The body of this essay was clearly the result of a mental trigger, a nucleation, that crystalized multiple strands of previous thought into a set of attractive correlations. One sentence in a footnote triggered thoughts in my unconscious, which were then reported to my conscious via the word transliteration module. This is an example of the mental process I have outlined in my previous set of essays which I have cumulatively titled “Words in My Mind.”
This essay is a bit scattered, a bit repetitious, a bit vague, etc. It is the way my mind works. In my communication schema, I call this process ‘inception’ – the beginning. It is an example of my previous set of essays which I now title “Words in My Mind” and an introduction to the forthcoming set which I title “Words in Other Minds.” The first set was about the process of creating stories. This set is about telling stories. Why do we generate stories, why do we tell stories, what happens when we tell stories, why do stories frequently conflict?
And no, I did not really solve the epistemological problem. It is an insoluble problem. We do not possess a ‘story-telling checker’. There is no mental process that checks the validity of our stories. Stories are functional, they do something for us. They are useful but they are not truthional.
A day later: Part of our epistemological problem is that we like our stories so much that we are bound to them in certitude – personal possession of truth. Certitude is a motivational, functional, and brain reward complex. This is a brand-new conceptualization that just popped into my head and needs a lot of further thought and is another example of a trigger event, a nucleation crystallizing a long gestation of thought which goes back a long way, at least 2 years. I see another essay on the horizon.
But there is a workaround for the problem of truth and certitude. The success of scientia and knowledge, and of the sciences in particular, has been due to obviating, leaping over, the limitations imposed by our sensory and filter systems by creating new technical – that is, man-made – sensory systems and new story telling techniques, and creating new stories out of that new information and method. Truth vanishes, or maybe better – truth evaporates. Truth is replaced with a process. These are topics of my third set of essays – a ways down the road. Walk it with me, willya .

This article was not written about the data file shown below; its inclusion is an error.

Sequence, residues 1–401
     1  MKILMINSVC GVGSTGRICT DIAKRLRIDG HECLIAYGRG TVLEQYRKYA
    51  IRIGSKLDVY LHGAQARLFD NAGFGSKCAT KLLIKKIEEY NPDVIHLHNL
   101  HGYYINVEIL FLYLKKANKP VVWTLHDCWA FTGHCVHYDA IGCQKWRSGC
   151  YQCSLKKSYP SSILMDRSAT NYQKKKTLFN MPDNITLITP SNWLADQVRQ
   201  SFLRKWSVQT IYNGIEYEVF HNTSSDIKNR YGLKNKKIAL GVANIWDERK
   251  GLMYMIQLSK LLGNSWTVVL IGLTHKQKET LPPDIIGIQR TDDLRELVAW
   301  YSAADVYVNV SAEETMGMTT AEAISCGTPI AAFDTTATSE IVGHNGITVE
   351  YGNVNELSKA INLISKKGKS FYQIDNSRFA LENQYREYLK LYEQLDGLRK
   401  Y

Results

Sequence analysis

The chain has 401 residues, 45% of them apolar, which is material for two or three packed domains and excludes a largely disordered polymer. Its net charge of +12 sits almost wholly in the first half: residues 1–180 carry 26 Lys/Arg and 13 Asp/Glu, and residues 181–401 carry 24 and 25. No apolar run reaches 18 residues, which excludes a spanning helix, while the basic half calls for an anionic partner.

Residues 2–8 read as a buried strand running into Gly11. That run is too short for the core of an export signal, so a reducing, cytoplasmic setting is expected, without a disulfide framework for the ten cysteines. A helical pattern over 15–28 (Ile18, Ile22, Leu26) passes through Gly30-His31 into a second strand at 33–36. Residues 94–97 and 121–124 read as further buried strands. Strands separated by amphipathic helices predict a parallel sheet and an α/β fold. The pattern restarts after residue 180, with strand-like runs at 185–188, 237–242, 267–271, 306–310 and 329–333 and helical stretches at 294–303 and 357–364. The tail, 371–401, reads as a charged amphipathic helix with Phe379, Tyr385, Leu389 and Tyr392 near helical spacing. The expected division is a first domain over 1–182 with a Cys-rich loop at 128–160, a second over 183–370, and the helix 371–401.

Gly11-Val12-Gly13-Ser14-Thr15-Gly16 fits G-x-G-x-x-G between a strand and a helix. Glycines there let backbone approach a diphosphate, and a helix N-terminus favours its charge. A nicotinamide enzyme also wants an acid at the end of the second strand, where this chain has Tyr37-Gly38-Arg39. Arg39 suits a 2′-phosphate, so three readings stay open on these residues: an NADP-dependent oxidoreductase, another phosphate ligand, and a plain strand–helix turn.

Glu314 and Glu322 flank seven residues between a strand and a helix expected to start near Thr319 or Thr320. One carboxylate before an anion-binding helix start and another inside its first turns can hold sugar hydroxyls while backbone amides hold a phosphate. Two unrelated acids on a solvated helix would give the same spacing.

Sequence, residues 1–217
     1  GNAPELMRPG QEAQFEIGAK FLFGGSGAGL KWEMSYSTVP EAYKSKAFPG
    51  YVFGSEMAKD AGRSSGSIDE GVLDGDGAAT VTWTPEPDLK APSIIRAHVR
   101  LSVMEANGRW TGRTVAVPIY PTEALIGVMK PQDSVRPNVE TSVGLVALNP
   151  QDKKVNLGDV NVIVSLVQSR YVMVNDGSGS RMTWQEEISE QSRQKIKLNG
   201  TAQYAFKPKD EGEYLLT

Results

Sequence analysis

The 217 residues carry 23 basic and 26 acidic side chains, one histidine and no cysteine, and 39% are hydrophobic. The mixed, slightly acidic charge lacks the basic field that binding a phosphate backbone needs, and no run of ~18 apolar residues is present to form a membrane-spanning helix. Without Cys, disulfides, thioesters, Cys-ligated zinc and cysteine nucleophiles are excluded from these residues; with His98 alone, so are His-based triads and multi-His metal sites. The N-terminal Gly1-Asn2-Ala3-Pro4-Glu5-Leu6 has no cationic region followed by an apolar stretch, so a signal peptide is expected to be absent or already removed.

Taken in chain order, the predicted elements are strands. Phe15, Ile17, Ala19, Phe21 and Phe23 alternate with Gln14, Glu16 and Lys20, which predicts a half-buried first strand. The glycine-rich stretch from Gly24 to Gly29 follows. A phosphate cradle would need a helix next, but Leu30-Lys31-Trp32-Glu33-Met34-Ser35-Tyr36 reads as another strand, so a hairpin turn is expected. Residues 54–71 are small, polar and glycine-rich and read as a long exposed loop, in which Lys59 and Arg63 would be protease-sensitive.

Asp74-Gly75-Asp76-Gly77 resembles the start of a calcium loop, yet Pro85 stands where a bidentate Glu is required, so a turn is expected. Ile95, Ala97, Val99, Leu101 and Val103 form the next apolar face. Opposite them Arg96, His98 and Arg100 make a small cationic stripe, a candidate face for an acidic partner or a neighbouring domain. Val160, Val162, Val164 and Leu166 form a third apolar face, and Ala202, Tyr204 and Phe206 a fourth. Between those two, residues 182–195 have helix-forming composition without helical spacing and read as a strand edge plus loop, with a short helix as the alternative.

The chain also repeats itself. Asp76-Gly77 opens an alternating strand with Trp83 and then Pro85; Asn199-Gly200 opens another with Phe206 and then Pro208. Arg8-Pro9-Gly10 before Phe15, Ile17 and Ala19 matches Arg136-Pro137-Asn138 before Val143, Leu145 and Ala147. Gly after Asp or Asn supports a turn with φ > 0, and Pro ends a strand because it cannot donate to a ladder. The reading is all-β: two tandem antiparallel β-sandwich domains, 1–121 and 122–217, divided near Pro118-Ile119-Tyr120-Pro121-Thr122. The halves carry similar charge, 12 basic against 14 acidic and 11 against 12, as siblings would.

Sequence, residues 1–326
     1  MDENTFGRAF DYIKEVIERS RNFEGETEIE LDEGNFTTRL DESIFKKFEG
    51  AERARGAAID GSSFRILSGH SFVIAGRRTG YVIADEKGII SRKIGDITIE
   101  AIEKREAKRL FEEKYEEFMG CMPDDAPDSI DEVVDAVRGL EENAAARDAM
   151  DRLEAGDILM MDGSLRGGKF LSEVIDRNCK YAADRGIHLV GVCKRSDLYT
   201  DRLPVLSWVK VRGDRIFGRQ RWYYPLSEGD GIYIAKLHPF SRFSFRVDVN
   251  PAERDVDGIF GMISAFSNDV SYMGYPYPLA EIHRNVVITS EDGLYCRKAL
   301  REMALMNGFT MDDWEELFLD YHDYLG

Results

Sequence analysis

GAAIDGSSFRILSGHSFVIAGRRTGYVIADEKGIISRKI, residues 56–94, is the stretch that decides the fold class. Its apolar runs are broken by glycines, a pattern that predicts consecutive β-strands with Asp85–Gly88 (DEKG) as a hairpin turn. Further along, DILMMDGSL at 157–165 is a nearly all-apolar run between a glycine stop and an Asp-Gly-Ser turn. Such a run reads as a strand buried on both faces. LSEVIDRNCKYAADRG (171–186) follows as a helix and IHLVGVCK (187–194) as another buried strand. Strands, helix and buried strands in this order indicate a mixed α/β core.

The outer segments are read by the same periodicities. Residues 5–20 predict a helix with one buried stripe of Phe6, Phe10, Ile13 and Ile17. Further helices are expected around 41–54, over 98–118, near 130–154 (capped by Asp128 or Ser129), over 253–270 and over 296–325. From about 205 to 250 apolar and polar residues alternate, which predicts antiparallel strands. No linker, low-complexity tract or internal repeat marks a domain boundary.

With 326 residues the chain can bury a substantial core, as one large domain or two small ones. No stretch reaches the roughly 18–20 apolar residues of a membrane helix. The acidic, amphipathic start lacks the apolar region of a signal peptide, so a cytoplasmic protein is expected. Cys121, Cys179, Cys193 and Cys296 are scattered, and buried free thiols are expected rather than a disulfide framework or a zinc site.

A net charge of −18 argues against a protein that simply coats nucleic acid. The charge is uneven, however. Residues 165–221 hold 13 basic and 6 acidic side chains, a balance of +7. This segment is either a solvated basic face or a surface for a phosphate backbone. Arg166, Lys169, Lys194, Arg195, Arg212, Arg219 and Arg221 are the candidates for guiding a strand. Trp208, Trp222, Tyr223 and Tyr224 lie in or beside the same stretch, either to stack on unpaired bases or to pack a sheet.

As I write these words, they are my private truths. When I publish them, they will leave my mind and enter ‘the marketplace of ideas’ with a new life of their own and attempt to become public truths. My next essay will be a very different story of public truths and their difficulties. And it will be linearized and syntacticized = edited – the second stage or process in communication, of creating and telling stories.
 I leave on the table the associated question of how competent are plants to acquire knowledge of the world inside and outside of their selves. They acquire exactly enough information to survive, to live, and to reproduce. They have biochemical responses to their environment that trigger specific and appropriate responses and further they, or at least some, are able to communicate this information to conspecifics and even to unrelated species.
 Is it possible that this conceptualization of outside/inside and an information barrier is not entirely correct – that at this point we are unable to form sufficiently accurate concepts and tell appropriate stories? There may not be an information barrier. There may be a much better concept.
 In particular emotions. Cf. “Turn Off the Words” – anxiety: http://jackofafewtrades.com/2017/09/turn-words-off/
 Our basic unconscious thought process does not appear to be either very linear or syntactical. Those emendations are part of the story-telling process.
 Here I adumbrate the topic of an entire set of essays, ‘Scientia’, which will follow the current set ‘Word in Other Minds.’ I used the word new repeatedly because the new system of stories has caused multiple conflicts with the older stories. Therein lies a major intellectual problem of our time.